How to Go Over The Edge in Three Steps

Over The Edge (OTE) takes you to great heights for a great cause. On Saturday, October 18, 2015, the height was 365ft and the cause was brain cancer research.

Brain cancer is the second leading cause of cancer deaths among children and young adults. More than 600,000 people in the US are living with a brain tumor diagnosis and another 66,000 new diagnosis are expected this year. Meanwhile, there are only four brain tumor treatments approved by the FDA. [See Accelerate Brain Cancer Cure (ABC2)’s new website for more information.]

The common goal of finding a cure for brain cancer motivated 80 plus participants to rappel off the top of San Diego’s Grand Hyatt. My sister and I were just two of the many “edgers” who went over in memory of a loved one that we lost to the disease. We went over for our grandmother, Elisabeth Clark, and for all of those who are fearlessly fighting the disease today.

Here’s how we got the courage to take that first step over the railing and go over the edge:

  1. Do it for an Organization Worth Going Over the Edge for
  2. ABC2 teamed up with OTE for the third year in a row to raise money for brain cancer research and awareness. ABC2 is a grantee of the Case Foundation and a nonprofit organization that drives cutting-edge research and treatments for brain tumors.

    In 2014, OTE for Brain Cancer raised over $215,000 to support San Diego-based brain cancer research. The total for 2015 is still growing, and you can keep up with this year’s fundraising progress here!

    ABC2’s mission is to invest in research aimed at finding the fastest possible route to a cure. They let urgency conquer fear by taking bold strides in brain cancer research. They aren’t afraid to be unconventional in their tactics to raise awareness about brain cancer—including rappelling off the side of a building!

  1. Rappel Down a Building with a View
  2. If you’re going to go over the edge, why not enjoy the view while you’re up there? For the third year, OTE for brain cancer rappelled 365ft from the 33rd floor of the beautiful Manchester Grand Hyatt San Diego, the tallest building on the San Diego waterfront.

    When standing on the edge, don’t look down, but be sure to take in the view! From the top, edgers get a breathtaking view of the Pacific Ocean and downtown San Diego. You’ll be back on the ground before you know it, so take advantage of the once in a lifetime opportunity and take your time. It’s not everyday that you’re higher than the seagulls flying over the San Diego marina!

  1. Be Fearless.
  2. You’d be surprised to discover what you’re capable of when you reach beyond your bubble and be fearless.

    Walking backwards off the edge of a 365ft building is no easy task. However, the strength and inspiration necessary to make the descent can be found in the survivors’ courageous battles against the disease. If they can fight against brain cancer, you can go over the edge!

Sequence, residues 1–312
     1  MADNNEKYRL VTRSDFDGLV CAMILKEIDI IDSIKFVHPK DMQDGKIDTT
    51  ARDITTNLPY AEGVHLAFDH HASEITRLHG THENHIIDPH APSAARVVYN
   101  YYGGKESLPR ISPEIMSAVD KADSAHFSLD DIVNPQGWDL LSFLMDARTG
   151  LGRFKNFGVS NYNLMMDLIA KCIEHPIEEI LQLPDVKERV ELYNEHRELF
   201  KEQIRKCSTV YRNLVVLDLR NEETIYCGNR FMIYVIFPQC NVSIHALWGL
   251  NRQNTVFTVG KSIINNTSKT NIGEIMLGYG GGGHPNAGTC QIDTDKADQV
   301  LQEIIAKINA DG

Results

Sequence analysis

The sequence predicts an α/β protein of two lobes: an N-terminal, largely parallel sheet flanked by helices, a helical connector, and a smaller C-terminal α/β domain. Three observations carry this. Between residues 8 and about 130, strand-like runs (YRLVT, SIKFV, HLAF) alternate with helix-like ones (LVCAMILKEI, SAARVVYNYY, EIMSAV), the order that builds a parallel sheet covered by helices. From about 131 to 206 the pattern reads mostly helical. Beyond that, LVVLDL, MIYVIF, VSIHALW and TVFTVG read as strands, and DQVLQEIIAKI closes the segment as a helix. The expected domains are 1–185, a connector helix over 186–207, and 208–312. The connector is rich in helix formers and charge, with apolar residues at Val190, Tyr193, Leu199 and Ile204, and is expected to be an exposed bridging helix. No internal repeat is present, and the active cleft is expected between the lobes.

Love conquered fear as the cheers from the crowd below gave strength to the edgers above. Some superhero edgers were brain cancer survivors themselves, and many others were being fearless in honor or in loving memory of friends and family. Together as one, it was a day bursting with love, support and hope for a cure.

Want to see what going over the edge is like? Check out photos from OTE2014 or watch the video below of my OTE experience this year:


Are You a Member of Team BT?

There are certain people in life that we are lucky enough to meet and who make an impact on our lives. For me, common among all of those people who have made an indelible mark on my life is a courageousness and spirit that is truly infectious. They make us wonder why we are not out doing more and they inspire us to look inward and challenge ourselves to face the world with fewer limitations—to be more fearless.

BethAnn Telford of Team BT is one of these unique individuals who I will never forget. She has been surviving with a brain tumor for nearly 10 years. During that time she has pushed herself well beyond limits that would hold most of us back. In October of 2012, she completed the IRONMAN World Championship triathlon in Kona, HI. She earned her coveted spot through the Kona Inspired program, which selects only seven deserving athletes each year.

Our staff is truly inspired by her story and her dedication to the children who are living with brain cancer, with whom she makes a point to befriend and engage continuously. I saw her for the first time a year ago at the 2013 Washington, DC, Race for Hope — the annual run/walk hosted in the spring by Accelerate Brain Cancer Cure and the National Brian Tumor Society to raise money for brain cancer research. She addressed the crowd at the starting line and did a wonderful job of energizing the crowd and reminding everyone why we were there on that chilly morning.